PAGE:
Various renowned sculptors over the centuries have depicted one of the most popular Biblical heroes, David. The Statue of David (1501-1504) created by Michelangelo is definitely the most famous one, but Donatello also created a Statue of David (1440s) that caused quite a stir.
These magnificent sculptures created in the early 16th and 15th centuries respectively were followed by an equally impressive work by Gian Lorenzo Bernini (1598-1680). He is considered to be the leading Baroque sculptor of the 17th century.
In this article, we’ll take a closer look at some of the most interesting facts about David by Bernini, a fascinating work of art completed during the early phase of his career.
1. It was completed when the artist was still in his 20s
Gian Lorenzo Bernini dominated sculpture during the 17th century. He left his permanent mark on the city of Rome by designing St. Peter’s Square and creating multiple works for the interior of St. Peter’s Basilica (of which he was the leading architect at the time).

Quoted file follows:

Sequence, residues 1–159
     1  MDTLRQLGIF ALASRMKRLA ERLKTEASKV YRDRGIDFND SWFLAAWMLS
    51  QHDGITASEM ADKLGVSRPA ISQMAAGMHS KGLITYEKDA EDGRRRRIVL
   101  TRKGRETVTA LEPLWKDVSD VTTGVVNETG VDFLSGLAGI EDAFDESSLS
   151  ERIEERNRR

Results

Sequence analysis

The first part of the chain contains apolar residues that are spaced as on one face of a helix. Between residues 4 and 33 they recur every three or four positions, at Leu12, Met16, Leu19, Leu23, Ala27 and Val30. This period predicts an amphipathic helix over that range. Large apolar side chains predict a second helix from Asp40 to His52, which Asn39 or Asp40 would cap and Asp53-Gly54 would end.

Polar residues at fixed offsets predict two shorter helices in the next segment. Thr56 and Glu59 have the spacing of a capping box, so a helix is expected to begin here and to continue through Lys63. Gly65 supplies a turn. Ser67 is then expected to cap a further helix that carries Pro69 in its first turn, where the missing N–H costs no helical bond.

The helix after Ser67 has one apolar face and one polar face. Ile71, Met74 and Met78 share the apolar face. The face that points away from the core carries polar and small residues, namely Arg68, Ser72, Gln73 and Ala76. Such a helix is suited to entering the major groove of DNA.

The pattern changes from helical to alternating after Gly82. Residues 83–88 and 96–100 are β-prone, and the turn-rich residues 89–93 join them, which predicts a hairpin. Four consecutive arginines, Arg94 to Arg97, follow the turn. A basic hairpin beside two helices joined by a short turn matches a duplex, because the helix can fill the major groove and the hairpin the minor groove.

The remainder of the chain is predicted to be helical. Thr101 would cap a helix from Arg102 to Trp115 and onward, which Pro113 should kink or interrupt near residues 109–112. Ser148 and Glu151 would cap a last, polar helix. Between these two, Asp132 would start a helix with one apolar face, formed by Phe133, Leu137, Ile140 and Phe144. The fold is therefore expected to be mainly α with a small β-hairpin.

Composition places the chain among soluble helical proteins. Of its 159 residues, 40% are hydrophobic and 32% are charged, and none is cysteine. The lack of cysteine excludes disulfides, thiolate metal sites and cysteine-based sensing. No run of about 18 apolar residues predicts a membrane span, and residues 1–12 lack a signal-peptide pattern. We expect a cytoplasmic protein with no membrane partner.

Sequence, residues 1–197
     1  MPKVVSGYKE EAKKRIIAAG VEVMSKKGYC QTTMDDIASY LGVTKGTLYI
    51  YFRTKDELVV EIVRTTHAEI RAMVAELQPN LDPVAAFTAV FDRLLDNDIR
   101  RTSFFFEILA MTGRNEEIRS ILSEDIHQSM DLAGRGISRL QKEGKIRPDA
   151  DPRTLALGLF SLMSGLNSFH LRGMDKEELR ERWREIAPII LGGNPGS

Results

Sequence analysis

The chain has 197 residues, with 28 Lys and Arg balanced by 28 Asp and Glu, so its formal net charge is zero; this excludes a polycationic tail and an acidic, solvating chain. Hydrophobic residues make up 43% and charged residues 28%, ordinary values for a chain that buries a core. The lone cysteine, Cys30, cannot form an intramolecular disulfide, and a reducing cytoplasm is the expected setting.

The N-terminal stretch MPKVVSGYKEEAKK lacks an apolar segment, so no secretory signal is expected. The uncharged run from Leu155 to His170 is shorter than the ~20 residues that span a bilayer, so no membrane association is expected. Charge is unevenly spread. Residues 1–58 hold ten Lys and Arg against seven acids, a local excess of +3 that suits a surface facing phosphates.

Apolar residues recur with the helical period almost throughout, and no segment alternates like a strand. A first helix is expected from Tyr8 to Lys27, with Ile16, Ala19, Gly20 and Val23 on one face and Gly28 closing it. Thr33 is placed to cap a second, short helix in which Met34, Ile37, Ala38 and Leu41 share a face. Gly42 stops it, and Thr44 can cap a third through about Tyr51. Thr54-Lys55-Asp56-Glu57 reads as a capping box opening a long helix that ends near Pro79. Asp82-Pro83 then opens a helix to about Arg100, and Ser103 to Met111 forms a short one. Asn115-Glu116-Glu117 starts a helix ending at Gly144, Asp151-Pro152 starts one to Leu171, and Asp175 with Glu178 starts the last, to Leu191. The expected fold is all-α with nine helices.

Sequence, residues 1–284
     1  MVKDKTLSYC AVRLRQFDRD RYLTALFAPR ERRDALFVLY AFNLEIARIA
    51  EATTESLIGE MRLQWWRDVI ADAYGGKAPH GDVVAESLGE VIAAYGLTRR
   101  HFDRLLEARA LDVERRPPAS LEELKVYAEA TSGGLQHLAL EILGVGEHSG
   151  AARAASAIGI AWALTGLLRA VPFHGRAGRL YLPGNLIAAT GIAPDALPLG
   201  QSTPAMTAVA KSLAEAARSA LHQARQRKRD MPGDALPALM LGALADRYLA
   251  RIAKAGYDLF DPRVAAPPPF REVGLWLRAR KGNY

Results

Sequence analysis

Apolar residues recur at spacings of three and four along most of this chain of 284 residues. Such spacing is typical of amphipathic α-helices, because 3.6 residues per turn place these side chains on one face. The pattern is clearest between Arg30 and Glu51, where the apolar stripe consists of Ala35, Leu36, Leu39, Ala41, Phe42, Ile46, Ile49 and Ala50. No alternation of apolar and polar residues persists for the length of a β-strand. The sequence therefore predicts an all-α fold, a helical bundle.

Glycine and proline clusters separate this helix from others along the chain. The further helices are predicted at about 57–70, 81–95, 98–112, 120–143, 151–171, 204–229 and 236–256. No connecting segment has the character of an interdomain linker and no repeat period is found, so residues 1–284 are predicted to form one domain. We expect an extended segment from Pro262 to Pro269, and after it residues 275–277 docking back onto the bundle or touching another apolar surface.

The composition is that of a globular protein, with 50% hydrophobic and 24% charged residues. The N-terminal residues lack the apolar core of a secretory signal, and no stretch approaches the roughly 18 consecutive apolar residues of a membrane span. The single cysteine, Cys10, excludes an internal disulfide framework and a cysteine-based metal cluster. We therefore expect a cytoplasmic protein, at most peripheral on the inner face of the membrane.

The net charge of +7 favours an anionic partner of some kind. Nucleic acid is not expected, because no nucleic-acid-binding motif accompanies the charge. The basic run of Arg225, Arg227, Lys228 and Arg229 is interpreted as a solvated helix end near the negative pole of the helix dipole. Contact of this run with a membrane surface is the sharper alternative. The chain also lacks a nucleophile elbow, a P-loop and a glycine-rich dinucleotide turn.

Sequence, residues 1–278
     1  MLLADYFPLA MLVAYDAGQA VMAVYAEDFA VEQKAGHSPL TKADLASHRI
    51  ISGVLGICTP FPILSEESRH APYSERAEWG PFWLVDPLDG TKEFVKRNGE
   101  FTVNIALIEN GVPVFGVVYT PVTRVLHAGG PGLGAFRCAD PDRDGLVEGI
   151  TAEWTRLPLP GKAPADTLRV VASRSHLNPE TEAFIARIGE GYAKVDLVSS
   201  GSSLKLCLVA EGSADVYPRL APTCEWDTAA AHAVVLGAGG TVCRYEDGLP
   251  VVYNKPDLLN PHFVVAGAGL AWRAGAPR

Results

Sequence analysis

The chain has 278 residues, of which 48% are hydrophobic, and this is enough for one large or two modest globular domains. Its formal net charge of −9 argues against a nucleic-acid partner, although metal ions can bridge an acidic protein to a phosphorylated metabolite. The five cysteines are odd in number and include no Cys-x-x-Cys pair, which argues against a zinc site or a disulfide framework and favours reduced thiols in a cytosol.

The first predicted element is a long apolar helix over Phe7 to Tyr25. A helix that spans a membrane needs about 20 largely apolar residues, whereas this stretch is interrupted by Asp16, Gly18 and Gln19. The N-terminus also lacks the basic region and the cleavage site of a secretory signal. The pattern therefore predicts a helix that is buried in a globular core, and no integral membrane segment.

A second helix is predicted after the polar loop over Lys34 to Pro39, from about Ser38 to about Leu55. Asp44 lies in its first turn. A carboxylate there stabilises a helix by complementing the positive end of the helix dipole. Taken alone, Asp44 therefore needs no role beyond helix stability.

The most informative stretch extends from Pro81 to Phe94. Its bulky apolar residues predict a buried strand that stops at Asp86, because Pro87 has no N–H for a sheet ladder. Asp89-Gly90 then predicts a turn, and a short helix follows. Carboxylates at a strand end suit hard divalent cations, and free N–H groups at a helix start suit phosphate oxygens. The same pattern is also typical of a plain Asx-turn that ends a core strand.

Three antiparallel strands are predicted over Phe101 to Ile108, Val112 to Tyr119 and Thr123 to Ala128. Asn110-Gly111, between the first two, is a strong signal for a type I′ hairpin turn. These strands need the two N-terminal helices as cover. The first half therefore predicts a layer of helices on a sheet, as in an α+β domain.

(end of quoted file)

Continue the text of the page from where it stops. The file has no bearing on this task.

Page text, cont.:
He also created numerous sculptural fountains that still decorate the amazing squares of Rome today.
He is most famously known for his sculptures and many of his most famous works date back to the early phase of his career, including this masterpiece that was completed in just 7 months between 1623 and 1624. This means that he was just 24 years old when he completed this statue.
2. It was the final commission from a wealthy Roman Cardinal
During this initial phase of his career, he was lucky enough to have been noticed by Cardinal Scipione Borghese, the rich nephew, and secretary of Pope Paul V.
This man amassed great wealth during this period in the early 17th century and not only built the Villa Borghese in the immense Borghese Garden but also collected and commissioned various works of art.
The statue of David was the final work that he commissioned from a series of sculptures created by Bernini during this period, all intended to decorate his newly constructed Villa.
3. It depicts a popular hero from the Old Testament